A Sign of Times Past Bows Out in Ballston As Car Dealer Closes

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By Leef Smith
Washington Post Staff Writer
Thursday, May 4, 2006

Drive through the busy Arlington intersection and you can't help but notice the towering glass windows and the giant, geometric roofline that seems to hover like a suspension bridge.

There's the odd sensation that time is standing still. At least until the traffic light changes.

For decades, the Bob Peck Chevrolet dealership and its unusual architecture at Glebe Road and Wilson Boulevard have served as a county landmark, both as a beacon for drivers trying to navigate across the county and as an emblem of the past.

But that's exactly what it is now: the past.

On Saturday, the dealership closed it doors to make way for offices, retail space and townhouses being proposed for the site by the JBG Cos.

JBG purchased the 100,000-square-foot property in January for $26 million, making owner Don Peck -- the son of Bob Peck -- an offer he said he and other shareholders couldn't refuse in the face of dwindling sales and rising real estate values.

"I didn't think they could possibly offer enough to make it worthwhile, but they did," said Don Peck, 60, who took over management of the company in the 1980s and has fielded calls from interested developers ever since.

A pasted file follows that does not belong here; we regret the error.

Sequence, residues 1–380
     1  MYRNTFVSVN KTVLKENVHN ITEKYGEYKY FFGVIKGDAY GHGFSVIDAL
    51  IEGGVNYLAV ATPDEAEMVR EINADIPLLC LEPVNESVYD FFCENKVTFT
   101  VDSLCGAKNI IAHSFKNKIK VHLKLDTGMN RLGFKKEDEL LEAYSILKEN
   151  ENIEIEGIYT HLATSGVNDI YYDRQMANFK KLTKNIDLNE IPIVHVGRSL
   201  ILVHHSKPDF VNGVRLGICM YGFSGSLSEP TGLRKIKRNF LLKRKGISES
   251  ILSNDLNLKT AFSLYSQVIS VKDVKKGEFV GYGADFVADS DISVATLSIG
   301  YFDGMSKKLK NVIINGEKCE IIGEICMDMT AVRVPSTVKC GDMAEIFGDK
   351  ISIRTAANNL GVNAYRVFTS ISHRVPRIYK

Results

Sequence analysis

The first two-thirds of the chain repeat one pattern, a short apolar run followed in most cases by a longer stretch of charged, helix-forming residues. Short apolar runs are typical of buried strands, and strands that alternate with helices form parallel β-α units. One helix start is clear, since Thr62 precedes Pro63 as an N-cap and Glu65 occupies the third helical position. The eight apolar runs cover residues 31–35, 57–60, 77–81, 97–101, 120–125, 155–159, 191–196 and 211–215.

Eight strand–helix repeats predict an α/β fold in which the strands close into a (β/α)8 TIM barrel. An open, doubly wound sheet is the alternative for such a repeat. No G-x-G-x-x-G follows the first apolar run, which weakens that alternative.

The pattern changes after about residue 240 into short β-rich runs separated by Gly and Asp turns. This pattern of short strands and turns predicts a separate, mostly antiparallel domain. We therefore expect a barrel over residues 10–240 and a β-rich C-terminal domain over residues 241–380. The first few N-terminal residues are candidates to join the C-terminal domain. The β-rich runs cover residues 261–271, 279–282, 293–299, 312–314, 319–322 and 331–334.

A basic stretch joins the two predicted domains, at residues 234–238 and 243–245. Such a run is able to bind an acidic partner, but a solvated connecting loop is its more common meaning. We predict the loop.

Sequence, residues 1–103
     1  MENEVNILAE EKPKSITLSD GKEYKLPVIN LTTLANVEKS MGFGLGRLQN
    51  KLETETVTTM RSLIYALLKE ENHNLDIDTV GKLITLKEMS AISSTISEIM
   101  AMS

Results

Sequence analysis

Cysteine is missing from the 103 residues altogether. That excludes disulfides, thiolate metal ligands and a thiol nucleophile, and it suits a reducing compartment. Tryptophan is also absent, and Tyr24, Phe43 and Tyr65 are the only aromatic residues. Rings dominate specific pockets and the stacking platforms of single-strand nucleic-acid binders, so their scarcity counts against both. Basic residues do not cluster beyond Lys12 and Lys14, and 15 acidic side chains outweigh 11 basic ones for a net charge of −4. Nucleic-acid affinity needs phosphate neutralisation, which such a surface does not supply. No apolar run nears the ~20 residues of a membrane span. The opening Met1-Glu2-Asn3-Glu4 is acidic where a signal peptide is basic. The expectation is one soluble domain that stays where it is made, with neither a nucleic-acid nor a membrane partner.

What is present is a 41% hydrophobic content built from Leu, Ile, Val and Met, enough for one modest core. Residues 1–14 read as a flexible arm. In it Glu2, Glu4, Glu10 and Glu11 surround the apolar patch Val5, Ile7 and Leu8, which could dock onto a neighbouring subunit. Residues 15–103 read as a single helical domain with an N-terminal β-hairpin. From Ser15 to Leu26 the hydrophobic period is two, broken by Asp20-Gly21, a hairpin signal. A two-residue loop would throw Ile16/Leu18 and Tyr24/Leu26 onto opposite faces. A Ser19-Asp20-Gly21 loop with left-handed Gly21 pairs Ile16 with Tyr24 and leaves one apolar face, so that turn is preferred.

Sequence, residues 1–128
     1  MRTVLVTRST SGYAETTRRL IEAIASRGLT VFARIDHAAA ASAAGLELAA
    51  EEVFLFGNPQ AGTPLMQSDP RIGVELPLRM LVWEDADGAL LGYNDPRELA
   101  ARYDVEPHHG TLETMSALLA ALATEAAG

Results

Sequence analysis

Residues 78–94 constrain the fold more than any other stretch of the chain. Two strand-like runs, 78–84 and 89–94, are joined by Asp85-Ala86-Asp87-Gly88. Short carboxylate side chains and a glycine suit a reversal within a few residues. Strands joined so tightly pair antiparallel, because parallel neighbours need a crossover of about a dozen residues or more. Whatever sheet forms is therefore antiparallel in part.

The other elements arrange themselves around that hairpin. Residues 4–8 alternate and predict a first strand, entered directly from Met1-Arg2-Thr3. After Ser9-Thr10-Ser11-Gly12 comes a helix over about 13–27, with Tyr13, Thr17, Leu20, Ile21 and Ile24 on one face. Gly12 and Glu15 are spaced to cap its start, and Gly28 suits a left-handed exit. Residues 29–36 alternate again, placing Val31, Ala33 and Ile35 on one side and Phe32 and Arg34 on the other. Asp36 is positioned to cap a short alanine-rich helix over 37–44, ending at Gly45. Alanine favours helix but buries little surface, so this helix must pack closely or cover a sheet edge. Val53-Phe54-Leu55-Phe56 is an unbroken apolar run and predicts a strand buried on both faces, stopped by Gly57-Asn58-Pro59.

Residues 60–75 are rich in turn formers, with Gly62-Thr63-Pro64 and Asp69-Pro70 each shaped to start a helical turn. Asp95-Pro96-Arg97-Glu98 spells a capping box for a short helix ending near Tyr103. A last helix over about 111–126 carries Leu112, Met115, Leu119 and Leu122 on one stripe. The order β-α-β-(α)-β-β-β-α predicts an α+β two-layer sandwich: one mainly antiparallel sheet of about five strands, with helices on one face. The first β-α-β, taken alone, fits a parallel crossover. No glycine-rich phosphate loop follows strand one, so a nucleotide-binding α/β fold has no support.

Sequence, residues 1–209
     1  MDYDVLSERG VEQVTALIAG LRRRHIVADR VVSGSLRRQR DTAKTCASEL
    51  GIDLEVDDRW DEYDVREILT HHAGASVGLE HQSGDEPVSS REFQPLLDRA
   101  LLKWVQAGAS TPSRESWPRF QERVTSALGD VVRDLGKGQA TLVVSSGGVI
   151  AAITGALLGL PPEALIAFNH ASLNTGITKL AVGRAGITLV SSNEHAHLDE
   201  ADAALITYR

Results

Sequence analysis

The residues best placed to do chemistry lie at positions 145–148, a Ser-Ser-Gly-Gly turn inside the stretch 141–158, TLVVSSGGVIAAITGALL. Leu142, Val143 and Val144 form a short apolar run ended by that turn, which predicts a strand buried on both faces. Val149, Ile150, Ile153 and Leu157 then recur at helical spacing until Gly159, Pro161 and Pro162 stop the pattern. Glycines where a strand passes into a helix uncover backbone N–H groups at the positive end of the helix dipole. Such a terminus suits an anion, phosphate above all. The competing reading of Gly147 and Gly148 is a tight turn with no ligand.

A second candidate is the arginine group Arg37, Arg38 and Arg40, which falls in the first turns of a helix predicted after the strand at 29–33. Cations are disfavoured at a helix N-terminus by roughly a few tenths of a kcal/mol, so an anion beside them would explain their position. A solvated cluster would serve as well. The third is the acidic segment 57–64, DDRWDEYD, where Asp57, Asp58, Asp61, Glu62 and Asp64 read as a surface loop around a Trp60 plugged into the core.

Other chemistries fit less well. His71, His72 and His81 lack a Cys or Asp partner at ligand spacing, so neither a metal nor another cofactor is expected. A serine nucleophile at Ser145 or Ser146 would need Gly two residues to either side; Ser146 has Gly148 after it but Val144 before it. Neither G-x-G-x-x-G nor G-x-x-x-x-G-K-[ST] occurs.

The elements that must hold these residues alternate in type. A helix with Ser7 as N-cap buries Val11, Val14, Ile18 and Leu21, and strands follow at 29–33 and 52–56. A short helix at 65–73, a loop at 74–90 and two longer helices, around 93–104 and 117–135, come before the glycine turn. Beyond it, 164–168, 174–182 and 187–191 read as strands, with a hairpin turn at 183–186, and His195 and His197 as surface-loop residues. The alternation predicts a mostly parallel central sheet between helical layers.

Seldom do car dealerships and their sprawling parking lots have such a positive impact on the landscape, but this one, planners say, was different. Different enough that JBG has said it will consider incorporating the building's architecture into the design of its development. JBG still needs a host of county approvals to go forward with the project.

"It is such a landmark for the area," said Dean Cinkala, JBG's partner in charge of the project. "We recognize that, and I think it's fair to say we'll work hard with the community and the county planning staff to see how we can carry forward that important history."

In 2003, Bob Peck Chevrolet was included in a feature on the Arlington County Cultural Affairs Division Web site titled "uncommon places," which sought to celebrate the funky fringes of the county before they vanish.

"Even if you didn't know what was inside [the dealership], the building was from a time when there was expression in architecture," said Mary Briggs, head of the Cultural Affairs Division's cultural development unit. "It was postwar. We were going places. It was the space age. It was probably one of the last relics in Arlington that was that distinctive."

Like its founder.


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